Plastic surgery has evolved in recent years, from a simple cosmetic rhinoplasty to fix a protruding nose to an entire face transplant for horrific injuries and freak accidents. To find out more visit http://myrhinoplastyblog.wordpress.com/
When people think of plastic surgery and cosmetic surgery, images of movie stars who have perfect noses as a result of a rhinoplasty spring to mind. The rhinoplasty, or nose job, is one of the most popular cosmetic procedures and aside from breast enhancements is the one procedure most associated with tinsel-town. But the rhinoplasty, alongside other facial restructuring procedures has its roots in medicine and trauma. Rhinoplasty, like other cosmetic surgery, became more prominent as a result of the two world wars where medical science was forced to advance to cope effectively with the horrifying facial disfigurements suffered by troops.
Rhinoplasty, Plastic Surgery and Face Transplants
Rhinoplasty is an essential surgery for some trauma victims. But facial reconstruction can go much further than straightforward nose jobs. The story of one little girl in India shocked the world. Nine-year-old Sandeep Kaur was chopping hay in a field when her hair was caught in a thresher, which ripped off her whole face. The remains of the face lay in two distinct pieces near to the machine. The child's mother placed the skin in plastic bags, drove the child to a hospital three and a half hours away, and put the child's future in the hands of a plastic surgeon, Dr Abraham Thomas who was on duty at the time. The doctor felt it was something that couldn't be done, but spent ten hours reconnecting nerves and blood vessels, and although deeply scarred, the procedure was a success for the girl who grew up to train as a nurse.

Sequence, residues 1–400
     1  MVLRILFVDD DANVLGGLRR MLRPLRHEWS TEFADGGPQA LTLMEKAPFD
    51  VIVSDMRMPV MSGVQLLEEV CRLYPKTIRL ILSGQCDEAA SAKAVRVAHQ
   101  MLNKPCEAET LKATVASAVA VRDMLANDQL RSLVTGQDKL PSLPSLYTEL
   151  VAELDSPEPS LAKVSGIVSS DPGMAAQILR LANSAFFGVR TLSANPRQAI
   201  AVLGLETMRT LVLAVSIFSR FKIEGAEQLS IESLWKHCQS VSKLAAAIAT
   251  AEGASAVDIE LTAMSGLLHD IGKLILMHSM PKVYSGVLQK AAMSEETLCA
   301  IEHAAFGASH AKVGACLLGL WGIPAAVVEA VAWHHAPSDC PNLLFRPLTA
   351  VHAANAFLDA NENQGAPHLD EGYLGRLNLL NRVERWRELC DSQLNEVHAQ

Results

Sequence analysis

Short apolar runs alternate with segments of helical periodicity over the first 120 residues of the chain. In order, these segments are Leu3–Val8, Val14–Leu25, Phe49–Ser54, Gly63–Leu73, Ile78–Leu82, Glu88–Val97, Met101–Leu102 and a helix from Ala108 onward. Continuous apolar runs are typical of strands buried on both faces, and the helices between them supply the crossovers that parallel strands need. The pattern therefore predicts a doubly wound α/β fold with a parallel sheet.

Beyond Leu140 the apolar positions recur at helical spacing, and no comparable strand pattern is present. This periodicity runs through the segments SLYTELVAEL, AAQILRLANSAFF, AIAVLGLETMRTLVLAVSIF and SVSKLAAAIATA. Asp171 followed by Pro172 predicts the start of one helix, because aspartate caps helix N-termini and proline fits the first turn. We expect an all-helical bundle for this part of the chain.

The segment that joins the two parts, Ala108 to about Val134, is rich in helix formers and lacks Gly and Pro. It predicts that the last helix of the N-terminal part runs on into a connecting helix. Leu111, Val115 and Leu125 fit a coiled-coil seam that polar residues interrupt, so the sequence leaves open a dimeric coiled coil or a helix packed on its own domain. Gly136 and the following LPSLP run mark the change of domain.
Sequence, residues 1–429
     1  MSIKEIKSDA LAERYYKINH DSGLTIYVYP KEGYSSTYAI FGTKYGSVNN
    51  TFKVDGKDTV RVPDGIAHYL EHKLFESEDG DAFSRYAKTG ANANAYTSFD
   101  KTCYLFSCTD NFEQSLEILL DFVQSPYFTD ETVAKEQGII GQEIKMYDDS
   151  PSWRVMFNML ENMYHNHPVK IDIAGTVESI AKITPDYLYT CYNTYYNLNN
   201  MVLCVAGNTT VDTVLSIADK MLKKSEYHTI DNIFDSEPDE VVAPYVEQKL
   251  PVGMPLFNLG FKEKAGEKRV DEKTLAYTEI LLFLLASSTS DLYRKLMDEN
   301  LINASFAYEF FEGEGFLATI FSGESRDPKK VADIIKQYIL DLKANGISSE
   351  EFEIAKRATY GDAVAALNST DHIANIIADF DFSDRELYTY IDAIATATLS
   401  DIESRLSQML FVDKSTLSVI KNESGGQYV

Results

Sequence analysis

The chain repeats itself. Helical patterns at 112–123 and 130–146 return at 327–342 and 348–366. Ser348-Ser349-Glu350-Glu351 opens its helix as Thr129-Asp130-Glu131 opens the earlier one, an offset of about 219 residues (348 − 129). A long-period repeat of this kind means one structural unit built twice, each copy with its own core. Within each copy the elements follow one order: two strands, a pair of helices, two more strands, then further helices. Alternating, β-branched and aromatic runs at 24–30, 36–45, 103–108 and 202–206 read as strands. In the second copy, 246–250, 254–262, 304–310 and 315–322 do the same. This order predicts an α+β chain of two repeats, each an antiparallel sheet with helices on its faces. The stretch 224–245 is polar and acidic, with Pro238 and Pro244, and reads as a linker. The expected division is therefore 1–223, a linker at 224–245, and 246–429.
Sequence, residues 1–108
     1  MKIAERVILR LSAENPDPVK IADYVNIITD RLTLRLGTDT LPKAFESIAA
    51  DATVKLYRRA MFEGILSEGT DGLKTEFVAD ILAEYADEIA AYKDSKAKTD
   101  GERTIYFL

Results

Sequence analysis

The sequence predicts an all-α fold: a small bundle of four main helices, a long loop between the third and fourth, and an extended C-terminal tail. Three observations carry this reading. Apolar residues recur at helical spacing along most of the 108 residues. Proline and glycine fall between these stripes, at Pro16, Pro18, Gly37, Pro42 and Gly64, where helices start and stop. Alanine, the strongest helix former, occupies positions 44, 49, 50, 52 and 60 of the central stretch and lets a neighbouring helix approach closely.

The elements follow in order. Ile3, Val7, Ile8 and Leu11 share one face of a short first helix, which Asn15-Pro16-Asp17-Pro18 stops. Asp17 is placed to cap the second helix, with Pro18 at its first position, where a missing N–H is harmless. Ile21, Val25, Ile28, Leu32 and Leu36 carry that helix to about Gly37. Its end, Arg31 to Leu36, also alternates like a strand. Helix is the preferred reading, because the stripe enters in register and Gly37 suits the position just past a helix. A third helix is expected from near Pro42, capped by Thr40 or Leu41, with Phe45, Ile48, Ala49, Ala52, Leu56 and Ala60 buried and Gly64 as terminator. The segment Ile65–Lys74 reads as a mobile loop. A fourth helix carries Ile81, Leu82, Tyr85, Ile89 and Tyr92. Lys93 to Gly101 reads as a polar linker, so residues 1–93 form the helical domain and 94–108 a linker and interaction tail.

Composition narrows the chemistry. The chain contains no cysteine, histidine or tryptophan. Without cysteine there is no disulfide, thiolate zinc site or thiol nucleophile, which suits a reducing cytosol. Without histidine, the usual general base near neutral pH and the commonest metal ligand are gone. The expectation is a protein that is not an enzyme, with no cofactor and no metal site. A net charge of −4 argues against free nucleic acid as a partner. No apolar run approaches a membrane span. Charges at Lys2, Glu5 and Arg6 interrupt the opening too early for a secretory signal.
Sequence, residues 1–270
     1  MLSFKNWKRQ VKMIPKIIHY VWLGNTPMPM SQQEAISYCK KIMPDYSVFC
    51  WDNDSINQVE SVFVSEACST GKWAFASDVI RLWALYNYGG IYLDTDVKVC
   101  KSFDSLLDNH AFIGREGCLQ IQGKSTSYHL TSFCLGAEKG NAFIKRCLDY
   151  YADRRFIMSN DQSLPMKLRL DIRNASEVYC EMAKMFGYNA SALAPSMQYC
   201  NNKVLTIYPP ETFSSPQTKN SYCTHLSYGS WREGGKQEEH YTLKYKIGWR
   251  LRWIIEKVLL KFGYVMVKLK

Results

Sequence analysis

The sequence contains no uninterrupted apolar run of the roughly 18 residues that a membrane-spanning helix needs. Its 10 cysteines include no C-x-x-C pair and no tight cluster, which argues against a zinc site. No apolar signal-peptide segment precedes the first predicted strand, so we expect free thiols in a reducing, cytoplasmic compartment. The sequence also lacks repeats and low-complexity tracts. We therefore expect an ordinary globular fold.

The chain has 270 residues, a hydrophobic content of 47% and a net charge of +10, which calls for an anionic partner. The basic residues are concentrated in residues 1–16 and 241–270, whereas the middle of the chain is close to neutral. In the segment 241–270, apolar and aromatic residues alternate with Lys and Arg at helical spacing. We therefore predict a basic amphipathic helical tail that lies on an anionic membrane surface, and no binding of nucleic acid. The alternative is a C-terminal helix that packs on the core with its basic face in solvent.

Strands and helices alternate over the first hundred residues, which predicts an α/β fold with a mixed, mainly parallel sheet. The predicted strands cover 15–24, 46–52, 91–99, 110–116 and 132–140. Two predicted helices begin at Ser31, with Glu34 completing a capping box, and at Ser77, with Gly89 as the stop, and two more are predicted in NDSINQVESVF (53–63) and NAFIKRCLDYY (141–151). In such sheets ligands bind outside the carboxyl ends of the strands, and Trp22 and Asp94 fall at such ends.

Nose Jobs Now 'Routine'
In the context of face plants, rhinoplasty is now a very routine procedure. Although plastic surgery dates back centuries, cosmetic surgery began in the modern era as we know it when in 1896 Dr Jacques Joseph pinned the ears back of a boy suffering from school ground bullying. He went on to do a rhinoplasty on a man who felt too embarrassed by the size of his nose.
Dr Joseph suggested that cosmetic surgery could help not just trauma or accident victims, but could benefit those struggling with psychological as well as physical problems. After Dr Joseph's rhinoplasty on a healthy 28-year-old man, he noted: “The depressed attitude of the patient subsided completely...He is happy to move around unnoticed.” In 1904, he made another breakthrough with a rhinoplasty that avoided exterior scarring by entering the nose through the nostrils. And today cosmetic surgery is a multi-billion dollar industry, helping those with physical abnormalities of all kinds face up to a better life.